Police were forced to intervene as parents protested outside a school after 50 children were sent home for wearing the wrong socks and cardigans.
Yep, you read that right!
Students were told they could not enter Hartsdown Academy in Margate, Kent for wearing the wrong uniform - even though parents followed the rules sent to them by letter.
One girl was left with bleeding feet after being forced to remove her socks because they were 'the wrong colour', while another was turned away for wearing trainers to prevent hip pain after a car accident.
Now that is not acceptable!
William King, a Year 7 student, was hit by a car last year and despite mum Sharon's protests and explanation, headmaster Matthew Tate refused to let William wear trainers.
Matthew told Sharon he "was happy" for William to be in pain all day if he changed out of the trainers.
Sharon told The Sun: "I've got a daughter in Year 11 with hypermobility who has worn Nike Air Max for the past three years and has never had a problem, so I just assumed it would be the same for William.
"As soon as we arrived at the gates William was stopped along with many other Year 7's because they were going in an hour early before the other pupils.
"He was singled out and told he needed to change his footwear, I tried to explain it was on medical grounds but the headmaster was having none of it."
Sharon has filed a complaint with Ofsted, but is worried the experience has ruined William's first day at a new school.
She also claimed 50 children being sent home was not accurate, saying it was more like "half the school".
She said: "There were around 200 students outside the school at its peak, and all through town you could see kids in Hartsdown uniforms."
One furious mum, Latasha Whiting, told The Mirror that kids were in the road, with cars beeping and swerving.
She added that her own daughter was sent home for having a 'short' skirt, she also explained how a young girl knocked on her husband's window asking for a lift home.
She said: "It was ridiculous. There were kids in the road, cars beeping and swerving.
"They [staff] didn't let them into the school to make calls.
"A 12-year-old girl knocked on my husband's window and asked him to take her home because she couldn't get in touch with her parents.
"She didn't even know him. He told her to go and ask a teacher but she said she had and she'd been dismissed."
Another outraged mum explained how her daughter Kim, 13, was told her cardigan was wrong as she tried to enter the school - despite the fact she bought it from the school store.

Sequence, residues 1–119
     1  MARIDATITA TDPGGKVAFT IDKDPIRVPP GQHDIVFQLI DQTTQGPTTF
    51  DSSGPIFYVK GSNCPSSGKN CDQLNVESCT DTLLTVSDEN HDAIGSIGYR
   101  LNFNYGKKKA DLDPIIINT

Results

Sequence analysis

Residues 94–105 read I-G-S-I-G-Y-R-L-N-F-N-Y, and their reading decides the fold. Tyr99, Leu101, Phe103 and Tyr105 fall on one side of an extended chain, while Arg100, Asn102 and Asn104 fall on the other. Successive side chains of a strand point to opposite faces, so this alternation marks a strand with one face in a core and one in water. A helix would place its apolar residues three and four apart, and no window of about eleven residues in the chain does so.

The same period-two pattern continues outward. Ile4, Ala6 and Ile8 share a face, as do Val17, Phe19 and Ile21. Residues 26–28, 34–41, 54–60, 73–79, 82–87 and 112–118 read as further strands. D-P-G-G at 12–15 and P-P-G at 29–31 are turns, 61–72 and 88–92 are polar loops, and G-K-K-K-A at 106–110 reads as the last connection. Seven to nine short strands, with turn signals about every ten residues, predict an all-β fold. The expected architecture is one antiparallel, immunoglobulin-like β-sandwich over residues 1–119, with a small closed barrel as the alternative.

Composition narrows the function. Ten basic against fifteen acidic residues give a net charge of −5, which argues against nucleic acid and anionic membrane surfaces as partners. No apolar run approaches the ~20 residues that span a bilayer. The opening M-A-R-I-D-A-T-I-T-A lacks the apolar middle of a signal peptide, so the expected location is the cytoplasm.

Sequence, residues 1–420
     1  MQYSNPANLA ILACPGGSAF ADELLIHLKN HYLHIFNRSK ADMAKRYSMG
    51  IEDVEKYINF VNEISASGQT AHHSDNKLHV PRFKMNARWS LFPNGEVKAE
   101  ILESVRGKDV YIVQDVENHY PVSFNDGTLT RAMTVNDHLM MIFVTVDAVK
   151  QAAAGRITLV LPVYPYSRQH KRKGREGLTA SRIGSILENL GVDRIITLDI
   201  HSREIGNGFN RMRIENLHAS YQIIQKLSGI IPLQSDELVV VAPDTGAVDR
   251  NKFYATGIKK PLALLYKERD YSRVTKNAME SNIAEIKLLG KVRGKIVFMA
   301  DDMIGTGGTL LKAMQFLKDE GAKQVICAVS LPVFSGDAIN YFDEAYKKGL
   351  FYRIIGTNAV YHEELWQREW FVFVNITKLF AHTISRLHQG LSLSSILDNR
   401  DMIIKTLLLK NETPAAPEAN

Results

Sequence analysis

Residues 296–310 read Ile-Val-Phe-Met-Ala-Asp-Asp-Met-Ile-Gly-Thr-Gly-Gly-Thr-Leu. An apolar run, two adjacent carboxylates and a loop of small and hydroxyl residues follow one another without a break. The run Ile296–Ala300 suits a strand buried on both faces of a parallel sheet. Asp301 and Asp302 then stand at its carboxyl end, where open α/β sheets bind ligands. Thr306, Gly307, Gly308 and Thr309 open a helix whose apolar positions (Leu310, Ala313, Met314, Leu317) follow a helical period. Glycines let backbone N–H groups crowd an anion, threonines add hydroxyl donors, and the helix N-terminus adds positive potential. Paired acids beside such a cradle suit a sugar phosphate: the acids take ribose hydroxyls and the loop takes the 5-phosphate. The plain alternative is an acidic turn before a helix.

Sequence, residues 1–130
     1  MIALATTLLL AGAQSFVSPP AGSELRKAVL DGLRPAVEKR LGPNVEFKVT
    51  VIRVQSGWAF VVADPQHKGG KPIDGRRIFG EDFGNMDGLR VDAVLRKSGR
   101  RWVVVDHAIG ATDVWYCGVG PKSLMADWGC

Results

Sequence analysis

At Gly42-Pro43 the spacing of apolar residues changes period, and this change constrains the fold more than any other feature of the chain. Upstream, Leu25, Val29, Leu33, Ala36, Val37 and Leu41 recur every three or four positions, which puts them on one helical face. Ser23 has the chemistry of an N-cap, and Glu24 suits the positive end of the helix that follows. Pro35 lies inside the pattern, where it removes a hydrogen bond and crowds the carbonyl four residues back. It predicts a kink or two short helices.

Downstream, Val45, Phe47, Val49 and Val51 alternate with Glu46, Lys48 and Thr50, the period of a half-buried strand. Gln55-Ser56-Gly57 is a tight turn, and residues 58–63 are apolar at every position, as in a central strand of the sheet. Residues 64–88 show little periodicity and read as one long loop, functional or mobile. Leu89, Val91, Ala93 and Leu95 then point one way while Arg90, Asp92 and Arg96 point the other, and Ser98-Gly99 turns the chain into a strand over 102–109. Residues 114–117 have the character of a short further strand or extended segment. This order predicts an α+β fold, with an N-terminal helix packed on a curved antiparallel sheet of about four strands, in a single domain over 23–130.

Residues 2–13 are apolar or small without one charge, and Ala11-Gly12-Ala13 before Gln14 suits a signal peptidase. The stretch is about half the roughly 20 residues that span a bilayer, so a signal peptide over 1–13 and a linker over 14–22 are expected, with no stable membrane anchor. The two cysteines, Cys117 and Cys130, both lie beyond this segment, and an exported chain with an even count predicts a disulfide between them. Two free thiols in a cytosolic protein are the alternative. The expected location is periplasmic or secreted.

She had left her blazer at school over the six week break, but was not even allowed to go in and retrieve it.
Mum Allison said: "She's 13 and was left on the pavement until I could get a taxi to collect her!"
She was also told that Kim's shoes were not appropriate, as the school said the dark colour lace up brogues were trainers.
Lucy Wood was forced to remove her white socks as they were the 'wrong colour'.
As she walked around all day with a new pair of shoes on, her feet were rubbed raw and cut until they bled.
Her mum Samantha Wood said she had "no idea" white socks were not allowed, she bought them at the school store and was not told they weren't allowed.
She said: "Lucy was in tears due to the headmaster making her take off her socks.
"The shoes ripped open the backs of her feet. There was blood everywhere."
She added: "He was sending tons of kids home, I've never seen anything like it.
"[The school] is a load of crap and I'm moving her after what I saw this morning."
So what did headmaster Mr Tate have to say?
He appeared on ITV's Good Morning Britain to defend his decision, he said: "This is about setting the standards for this school.
"This school for a long time has been a school that many people have been ashamed of and that people haven't wanted to go to.
"We set out yesterday that actually this is a school that is going places.
"This school is going to be an amazing place for children to have a great education and actually we are going to create a school where children are proud to be here and that the community is proud of.
"This is the first step to doing that."
Do you think he made the right decision? Tell us what you think!